Hi! Welcome to the 9th edition of Boomtown. If you’re reading this for the first time, then welcome. As of this writing, not only are we completely blazed out of our minds, but we can’t wait to continue blazing ahead for the rest of the weekend. During the beginning of this year we had remarked how we had a feeling that 2020 was going to be the year for Cannabis in India. We may just be proven right. In fact in a recent newsletter we had laid down the timeline for the future of India’s cannabis ecosystem. but things may be happening even faster than we predicted.
Let’s start blazing.
India’s Ministry of Home Affairs wants to talk about Narcotics and Drugs
In a notification dated 7th October, 2020 and titled ‘Committee for Reforms in Criminal Laws’, the Ministry of Home Affairs may have raised almighty hopes among people and professionals alike, for discussing about amending and reforming provisions related to cannabis in the Narcotic Drugs and Psychotropics Act, 1985, the law that governs all matters related to cannabis and harder drugs.
The notification does not mention cannabis explicitly in any way, but considering the way that the global market for cannabis is shaping up; India’s burgeoning medical and industrial cannabis companies; cannabis’ relevance in Ayurveda, India’s ancient medical system and also the fact that cannabis use has been documented in most ancient scriptures, we predict that the reforms are for clearing the way for performing research on cannabis, and letting state governments loose to encourage a cannabis industry ecosystem. Secondly, tapping into new sources of revenue makes sense to let loose the cannabis wave for the government.
Plus the furore over linking cannabis with Rhea C and Sushant Singh Rajput probably was an added impetus for cannabis regulation to arrive into national consciousness as to how prevalent it is in the country, with 3 crore users of cannabis in India.
Here’s what the notification exactly states:
“The Ministry of Home Affairs, Government of India, vide its notification ‘1-2-19 Judicial Cell (Part I)’ dated 02-03-2020, 04-05-2020, and 29-05-2020 has constituted the National Level Committee for Reforms in Criminal Laws with the mandate to “recommend reforms in a principled, effective, and efficient manner which ensures the safety and security of the individual, the community and the nation; and which prioritises the constitutional values of justice, dignity and the inherent worth of the individual.”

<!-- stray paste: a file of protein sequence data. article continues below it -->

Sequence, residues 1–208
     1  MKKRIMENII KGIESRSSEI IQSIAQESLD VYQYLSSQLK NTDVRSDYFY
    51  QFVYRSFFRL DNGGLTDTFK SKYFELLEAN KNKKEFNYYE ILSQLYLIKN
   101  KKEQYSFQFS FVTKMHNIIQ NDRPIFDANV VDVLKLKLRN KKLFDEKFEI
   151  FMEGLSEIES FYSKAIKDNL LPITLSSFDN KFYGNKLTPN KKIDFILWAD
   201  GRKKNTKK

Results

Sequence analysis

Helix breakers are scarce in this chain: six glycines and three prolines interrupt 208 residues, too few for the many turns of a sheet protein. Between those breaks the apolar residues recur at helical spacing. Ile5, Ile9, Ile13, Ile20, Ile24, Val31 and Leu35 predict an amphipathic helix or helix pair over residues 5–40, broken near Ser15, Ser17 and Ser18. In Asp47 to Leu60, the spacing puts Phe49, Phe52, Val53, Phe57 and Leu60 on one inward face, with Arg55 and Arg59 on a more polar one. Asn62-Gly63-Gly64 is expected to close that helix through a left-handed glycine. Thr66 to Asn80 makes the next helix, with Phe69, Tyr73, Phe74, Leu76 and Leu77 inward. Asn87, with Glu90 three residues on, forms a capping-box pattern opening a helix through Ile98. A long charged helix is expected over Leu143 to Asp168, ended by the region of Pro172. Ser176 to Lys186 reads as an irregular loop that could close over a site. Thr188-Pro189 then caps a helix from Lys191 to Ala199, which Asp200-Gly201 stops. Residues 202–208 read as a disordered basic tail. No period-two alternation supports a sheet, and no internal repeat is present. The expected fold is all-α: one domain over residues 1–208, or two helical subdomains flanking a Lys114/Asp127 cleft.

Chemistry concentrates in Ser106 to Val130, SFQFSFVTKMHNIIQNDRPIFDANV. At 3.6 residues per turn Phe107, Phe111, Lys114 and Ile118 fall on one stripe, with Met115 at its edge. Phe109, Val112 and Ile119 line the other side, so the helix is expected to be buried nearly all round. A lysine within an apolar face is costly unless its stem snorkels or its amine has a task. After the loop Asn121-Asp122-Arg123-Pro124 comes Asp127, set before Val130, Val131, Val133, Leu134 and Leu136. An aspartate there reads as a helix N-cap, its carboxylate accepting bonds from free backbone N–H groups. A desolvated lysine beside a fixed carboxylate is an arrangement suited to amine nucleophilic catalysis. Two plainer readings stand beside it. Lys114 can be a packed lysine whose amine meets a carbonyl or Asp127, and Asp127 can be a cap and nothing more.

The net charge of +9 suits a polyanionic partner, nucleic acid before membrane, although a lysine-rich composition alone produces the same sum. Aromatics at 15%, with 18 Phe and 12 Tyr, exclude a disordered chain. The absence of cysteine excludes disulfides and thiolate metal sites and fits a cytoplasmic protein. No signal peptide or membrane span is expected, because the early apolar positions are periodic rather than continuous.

Nothing here. We have to go ahead.
“The Committee has been tasked with recommending reforms pertaining to ‘The Narcotic Drugs and Psychotropic Substances Act, 1985.’ Pursuant to the same, the Committee invites suggestions, opinions and views regarding all identifiable issues pertaining to the legislation. Such suggestions, opinions and views may be provided to the Committee through its Open Consultation mechanism. The Open Consultation mechanism shall be accessible at https://criminallawreforms.in/open-consultation/ from 17-10-2020 till 16-11-2020. In addition to the above, any journal articles; reports; papers; studies; books; or any other documents/material; or audio/video files may be mailed to the following e-mail ID: firstname.lastname@example.org”
This is a welcome move.
We think India’s medical and industrial cannabis companies are going to write in about the bottlenecks they face in getting access to the cannabis they need to make medicines, edible oils, protein powder and the like. The bulk of the suggestions ought to pertain to a proper research based framework to profile India’s cannabis genetics and to build a database for India’s cannabis strains from each and every state. Apart from this, other recommendations would pertain empowering states to regulate recreational cannabis rules as per their own wish in a controlled manner (this is already written down, but the cannabis flower and resin is prohibited – same for medical cannabis. We need access to the flower and fruiting tops of the cannabis plant, not just the seeds and leaves)
But hold on.
What if the Home Ministry goes all out and next year, decriminalizes the use of recreational cannabis? But we still do not think so. The Pharma Lobby is still too strong and so is the tobacco lobby (which is Indian Tobacco Company, ITC) They will not let this happen till 2024 at least when the next elections are due. We predict that the reforms ought to be for medical and industrial cannabis only. But that said, what’s the harm in hoping? In fact, we ourselves are going to send an email about our suggestions to the committee.
“The Committee therefore requests all professionals, functionaries, stakeholders of the Criminal Justice System and all interested members of the public to participate in the Open Consultation. The Committee shall be accommodative of all inputs and shall stand greatly benefited by your participation.”
This is the first time that an open consultation is being held for the NDPS Act, and all the signs point towards cannabis reform.
Let’s keep blazing as always.